November 2016 ABC Meeting Announcement

carlaessenbergwbees

Photograph credit Johnathan Neufeld.

The next meeting of the Androscoggin Beekeepers Club (ABC) will be held Wednesday, November 9 at the vestry of the West Auburn Congregational Church, 811 West Auburn Road, Auburn, ME 04210.  Club business will be conducted from 6:30 PM to 7:00 PM followed by the presentation “Cooperation and conflict between plants and their pollinators”.

Our November speaker will be Dr. Carla Essenberg.  Dr. Essenberg is an Assistant Professor in the Department of Biology at Bates College. She completed a BA in Music and Philosophy at St. Olaf College in Minnesota, did her PhD in Evolution, Ecology, and Organismal Biology at the University of California-Riverside, and recently completed a postdoctoral fellowship at the University of Arizona. Her research explores ways in which pollinator foraging behavior influence plant ecology and evolution and includes ecological field studies, theoretical modeling, and behavioral experiments with bumblebees. She teaches statistics and ecology and enjoys discussing science and bees with people of all ages and walks of life.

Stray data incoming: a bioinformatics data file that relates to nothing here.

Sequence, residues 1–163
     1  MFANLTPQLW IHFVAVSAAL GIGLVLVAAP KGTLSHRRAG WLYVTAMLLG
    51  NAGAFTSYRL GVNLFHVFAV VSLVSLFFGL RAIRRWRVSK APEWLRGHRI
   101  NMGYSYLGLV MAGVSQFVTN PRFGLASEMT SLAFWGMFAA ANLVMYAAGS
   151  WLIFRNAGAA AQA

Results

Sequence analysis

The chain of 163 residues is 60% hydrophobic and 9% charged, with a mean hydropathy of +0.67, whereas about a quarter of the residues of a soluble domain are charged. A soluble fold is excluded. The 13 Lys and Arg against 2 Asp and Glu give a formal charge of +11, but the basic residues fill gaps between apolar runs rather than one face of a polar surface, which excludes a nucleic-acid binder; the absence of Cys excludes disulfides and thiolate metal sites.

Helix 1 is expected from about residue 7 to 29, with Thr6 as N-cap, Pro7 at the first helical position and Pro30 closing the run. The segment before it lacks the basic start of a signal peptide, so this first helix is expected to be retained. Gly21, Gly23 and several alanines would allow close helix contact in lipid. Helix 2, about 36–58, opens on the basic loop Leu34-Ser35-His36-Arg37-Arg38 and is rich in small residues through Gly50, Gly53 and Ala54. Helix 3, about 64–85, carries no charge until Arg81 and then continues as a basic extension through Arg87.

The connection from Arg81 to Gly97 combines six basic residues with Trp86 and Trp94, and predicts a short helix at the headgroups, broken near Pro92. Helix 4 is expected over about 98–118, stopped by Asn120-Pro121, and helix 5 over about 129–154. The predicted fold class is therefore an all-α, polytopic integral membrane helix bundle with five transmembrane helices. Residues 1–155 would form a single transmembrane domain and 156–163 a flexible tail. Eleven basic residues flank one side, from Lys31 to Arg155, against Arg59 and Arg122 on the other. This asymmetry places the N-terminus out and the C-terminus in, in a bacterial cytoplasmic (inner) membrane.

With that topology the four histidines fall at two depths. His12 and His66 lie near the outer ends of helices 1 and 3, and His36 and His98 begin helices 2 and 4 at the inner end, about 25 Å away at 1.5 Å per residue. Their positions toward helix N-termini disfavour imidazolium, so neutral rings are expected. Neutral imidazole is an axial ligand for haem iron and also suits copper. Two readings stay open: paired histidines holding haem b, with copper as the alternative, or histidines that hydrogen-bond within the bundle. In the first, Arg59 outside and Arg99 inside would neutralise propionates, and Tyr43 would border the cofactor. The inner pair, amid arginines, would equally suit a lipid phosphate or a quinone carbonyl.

Dr. Essenberg’s presentation will give a plant’s perspective on pollinators and explore, in plants, characteristics that we may be used to thinking of as uniquely human: cheating and cooperation, deception and honesty. Usually, plants and their pollinators cooperate with each other: the plants give their pollinators food, such as nectar and pollen, and the pollinators carry the plants’ pollen from one individual to another, allowing them to mate with each other. However, some plant species (possibly including some of your favorite orchids) are deceptive cheats that lure pollinators to themselves with showy flowers but provide no rewards. Many other species seem to have taken a more subtle approach to cheating: they make some flowers that are rewarding and others that are not. However, things get really interesting when you look closely at the flowers of these species, because in many cases, they provide pollinators with information about how rewarding (or unrewarding) they are.

Why should plants reveal to pollinators that some of their flowers are not worth visiting? Dr. Essenberg will describe the efforts she and her students have made to explain this puzzling example of honesty.